Tucson CitizenTucson Citizen

Tenacity a net plus for UA’s top player

Citizen Staff Writer



For senior Danielle Steinberg, getting to the University of Arizona was a miracle in itself.

Not only did she spend two years in the Israeli Army – service stints are mandatory for both men and women there – she had to endure funding issues and the rigors of traveling in the Middle East as a youth tennis player in Tel Aviv.

“I get a little agitated when people here talk about ‘the conflict’ (with Palestine), but I understand the curiosity,” she said. “We aren’t under constant attack, but there’s always a threat. . . I’ve heard bombs go off. Thank God, I’ve never known anybody killed or injured.”

Steinberg said, “It’s lonely and it’s hard. It’s almost impossible (to make it as a tennis player) unless you are a huge talent or if you have a lot of funds.

“But I wouldn’t give up.”

Steinberg, 24, in the midst of her fourth year at UA as the No. 1 singles player, was a little older and more mature than her classmates when UA women’s coach Vicky Maes recruited her – thanks to her military service.

Maes recruited Steinberg because of her never-give-up attitude, intrigued by the Israeli player’s feats from accounts on the Internet.

Steinberg unleashes a certain energy that makes a tennis court a very serious affair. She does it with intent, guile and a calm and infectious vocal power. She was made captain as soon as she arrived.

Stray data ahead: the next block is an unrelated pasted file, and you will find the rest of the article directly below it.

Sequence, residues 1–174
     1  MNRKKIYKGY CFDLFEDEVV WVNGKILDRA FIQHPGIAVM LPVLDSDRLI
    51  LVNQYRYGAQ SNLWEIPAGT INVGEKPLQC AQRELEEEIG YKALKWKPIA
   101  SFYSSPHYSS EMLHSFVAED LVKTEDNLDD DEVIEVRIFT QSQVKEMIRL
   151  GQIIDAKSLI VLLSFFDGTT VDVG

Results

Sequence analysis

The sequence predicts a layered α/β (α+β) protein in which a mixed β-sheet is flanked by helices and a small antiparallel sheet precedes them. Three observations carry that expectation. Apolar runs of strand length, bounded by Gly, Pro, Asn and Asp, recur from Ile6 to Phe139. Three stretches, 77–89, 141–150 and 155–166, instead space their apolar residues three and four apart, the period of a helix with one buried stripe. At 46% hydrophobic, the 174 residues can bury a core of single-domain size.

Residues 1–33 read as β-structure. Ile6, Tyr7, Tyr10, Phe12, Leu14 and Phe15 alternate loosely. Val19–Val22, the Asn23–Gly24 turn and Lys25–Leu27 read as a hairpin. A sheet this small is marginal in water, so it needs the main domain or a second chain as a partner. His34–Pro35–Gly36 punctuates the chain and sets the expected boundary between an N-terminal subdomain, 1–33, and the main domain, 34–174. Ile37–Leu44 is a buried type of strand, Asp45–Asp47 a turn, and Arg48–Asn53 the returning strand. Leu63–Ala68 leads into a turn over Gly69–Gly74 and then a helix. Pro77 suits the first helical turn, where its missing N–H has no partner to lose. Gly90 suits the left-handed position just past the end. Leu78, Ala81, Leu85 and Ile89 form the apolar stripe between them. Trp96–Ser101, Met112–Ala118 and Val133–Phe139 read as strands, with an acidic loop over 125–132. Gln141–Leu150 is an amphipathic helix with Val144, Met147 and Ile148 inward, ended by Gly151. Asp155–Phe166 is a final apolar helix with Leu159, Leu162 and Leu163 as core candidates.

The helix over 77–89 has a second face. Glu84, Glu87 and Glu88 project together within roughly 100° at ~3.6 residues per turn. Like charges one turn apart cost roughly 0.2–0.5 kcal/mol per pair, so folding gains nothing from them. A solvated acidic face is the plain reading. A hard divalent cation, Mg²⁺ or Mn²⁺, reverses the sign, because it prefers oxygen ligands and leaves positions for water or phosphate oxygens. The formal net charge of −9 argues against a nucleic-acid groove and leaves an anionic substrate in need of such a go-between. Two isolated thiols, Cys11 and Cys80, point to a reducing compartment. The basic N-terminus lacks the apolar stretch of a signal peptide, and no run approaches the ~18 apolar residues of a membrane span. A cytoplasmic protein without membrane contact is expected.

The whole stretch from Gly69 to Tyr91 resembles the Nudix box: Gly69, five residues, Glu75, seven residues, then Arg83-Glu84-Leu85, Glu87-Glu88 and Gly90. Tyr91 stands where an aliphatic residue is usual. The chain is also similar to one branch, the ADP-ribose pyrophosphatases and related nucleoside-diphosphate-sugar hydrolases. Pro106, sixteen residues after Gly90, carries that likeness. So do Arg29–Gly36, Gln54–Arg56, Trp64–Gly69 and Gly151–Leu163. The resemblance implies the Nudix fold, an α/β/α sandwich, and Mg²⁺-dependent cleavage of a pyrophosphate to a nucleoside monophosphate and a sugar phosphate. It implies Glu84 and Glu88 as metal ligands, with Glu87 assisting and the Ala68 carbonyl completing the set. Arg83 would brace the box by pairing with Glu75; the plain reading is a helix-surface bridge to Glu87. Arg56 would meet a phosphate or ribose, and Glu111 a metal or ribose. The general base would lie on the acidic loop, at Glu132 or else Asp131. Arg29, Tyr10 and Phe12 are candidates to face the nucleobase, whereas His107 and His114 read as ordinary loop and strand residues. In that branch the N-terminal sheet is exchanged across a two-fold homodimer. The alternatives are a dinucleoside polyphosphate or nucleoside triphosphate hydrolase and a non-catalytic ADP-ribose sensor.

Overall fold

“She wasn’t real vocal then; she led mostly by example,” said Maes. “But in four years she has gained so much confidence. She loves the challenge.”

This season, Steinberg has an 8-3 singles record and has teamed with and mentored freshman Sue Landsman for a 10-2 doubles mark. In 2007, her sophomore year, Steinberg was No. 34 in the ITA collegiate rankings and made the Pac-10 All-Academic First Team with a 3.97 grade point average, but was hurt last year and did not play.

She has no secrets. It’s all in the spin and angles of things.

“I don’t have a power game and I can’t just wear somebody down,” Steinberg said. “I just want to play hard and be where I’m supposed to be.”

After her stint in the Israeli Army, she knew to continue in tennis she would have to have a U.S. college background on her résumé. She went on the Internet and contacted the 25 best programs. She insists she “got lucky” with UA, which has a strong Jewish community.

“To understand Israel you have to go there, do research,” Steinberg, who was born in Jerusalem and grew up in Tel Aviv, said. “I’ve talked to those who say they would be afraid to go. But go, and you will fall in love with it.”

Steinberg is grateful to be part of a team atmosphere at UA.

“We feed off each other,” Steinberg says. “It’s where we get the energy to go on.”

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